Should the Currency Transaction Report Threshold be $60,900?

Jackson_5_tv_special_1972When the Bank Secrecy Act passed in October 1970 with the $10,000 Currency Transaction Report (CTR) threshold, the average US annual salary was $6,186. A new car cost $3,900 and the Jackson 5’s song “I’ll be There” was number one on the Billboard charts. All that has changed, except for the Currency Transaction Report threshold.


The inflation-adjusted CTR equivalent to $10,000 in 1970 is $60,900.26 today. Inversely, the equivalent buying power of $10,000 today would have been $1,642 in 1970.


The Government Accountability Office studied the topic in 1994 and issued a report titled “The Volume of Currency Transaction Reports Filed Can and Should Be Reduced.” Legislation was proposed in 2006 to adjust the CTR threshold to $30,000 but it died. However, the majority of law enforcement officials support keeping the $10,000 threshold. A 2008 GAO study found:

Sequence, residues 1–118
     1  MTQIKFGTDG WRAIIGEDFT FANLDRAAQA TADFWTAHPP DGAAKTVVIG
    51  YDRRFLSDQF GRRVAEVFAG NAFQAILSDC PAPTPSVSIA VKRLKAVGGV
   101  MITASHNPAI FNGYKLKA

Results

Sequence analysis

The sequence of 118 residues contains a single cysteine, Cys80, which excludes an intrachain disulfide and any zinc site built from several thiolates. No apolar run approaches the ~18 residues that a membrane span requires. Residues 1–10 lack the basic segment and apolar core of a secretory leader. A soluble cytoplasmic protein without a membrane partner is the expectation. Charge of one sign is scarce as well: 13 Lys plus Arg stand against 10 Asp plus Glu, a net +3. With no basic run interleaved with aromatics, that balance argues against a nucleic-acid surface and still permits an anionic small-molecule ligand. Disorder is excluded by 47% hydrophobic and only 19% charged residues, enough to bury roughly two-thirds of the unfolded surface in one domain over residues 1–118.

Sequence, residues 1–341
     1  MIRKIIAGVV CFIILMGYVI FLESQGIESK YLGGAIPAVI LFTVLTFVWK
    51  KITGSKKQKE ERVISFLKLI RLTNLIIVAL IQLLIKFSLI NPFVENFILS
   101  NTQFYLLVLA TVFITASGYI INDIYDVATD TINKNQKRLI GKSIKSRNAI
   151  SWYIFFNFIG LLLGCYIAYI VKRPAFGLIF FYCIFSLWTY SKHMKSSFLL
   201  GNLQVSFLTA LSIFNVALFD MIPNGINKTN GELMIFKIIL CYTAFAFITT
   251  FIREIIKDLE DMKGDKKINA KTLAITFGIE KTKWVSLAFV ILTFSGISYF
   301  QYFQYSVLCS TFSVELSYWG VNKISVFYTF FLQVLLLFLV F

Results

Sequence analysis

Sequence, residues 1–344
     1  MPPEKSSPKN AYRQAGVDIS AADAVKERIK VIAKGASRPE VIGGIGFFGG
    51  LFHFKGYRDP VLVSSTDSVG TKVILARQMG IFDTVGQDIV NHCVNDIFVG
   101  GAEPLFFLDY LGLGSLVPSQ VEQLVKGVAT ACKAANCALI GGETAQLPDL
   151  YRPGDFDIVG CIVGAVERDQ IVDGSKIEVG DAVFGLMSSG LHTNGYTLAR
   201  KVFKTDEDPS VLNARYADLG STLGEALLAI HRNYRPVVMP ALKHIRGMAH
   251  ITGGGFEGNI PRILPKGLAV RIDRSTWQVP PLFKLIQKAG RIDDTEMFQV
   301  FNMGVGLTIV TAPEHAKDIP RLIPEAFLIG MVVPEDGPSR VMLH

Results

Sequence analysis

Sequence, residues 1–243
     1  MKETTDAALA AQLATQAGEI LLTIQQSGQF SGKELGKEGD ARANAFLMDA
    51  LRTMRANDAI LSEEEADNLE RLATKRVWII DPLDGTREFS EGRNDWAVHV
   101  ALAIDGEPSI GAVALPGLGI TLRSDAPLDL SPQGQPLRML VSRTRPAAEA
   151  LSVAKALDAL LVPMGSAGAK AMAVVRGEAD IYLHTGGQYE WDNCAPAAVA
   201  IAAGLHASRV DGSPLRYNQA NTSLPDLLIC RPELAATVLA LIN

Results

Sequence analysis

State and local officials also indicated that the current threshold amount of $10,000 was important to the usefulness of CTRs. Specifically, about 58 percent of the state and local officials we surveyed stated that increasing the CTR filing threshold would result in a “very great” or “great” reduction in the usefulness of the CTR filing requirement to their work. 

There are about 15,000,000 Currency Transaction Reports filed each year.

One thought on “Should the Currency Transaction Report Threshold be $60,900?

Comments are closed.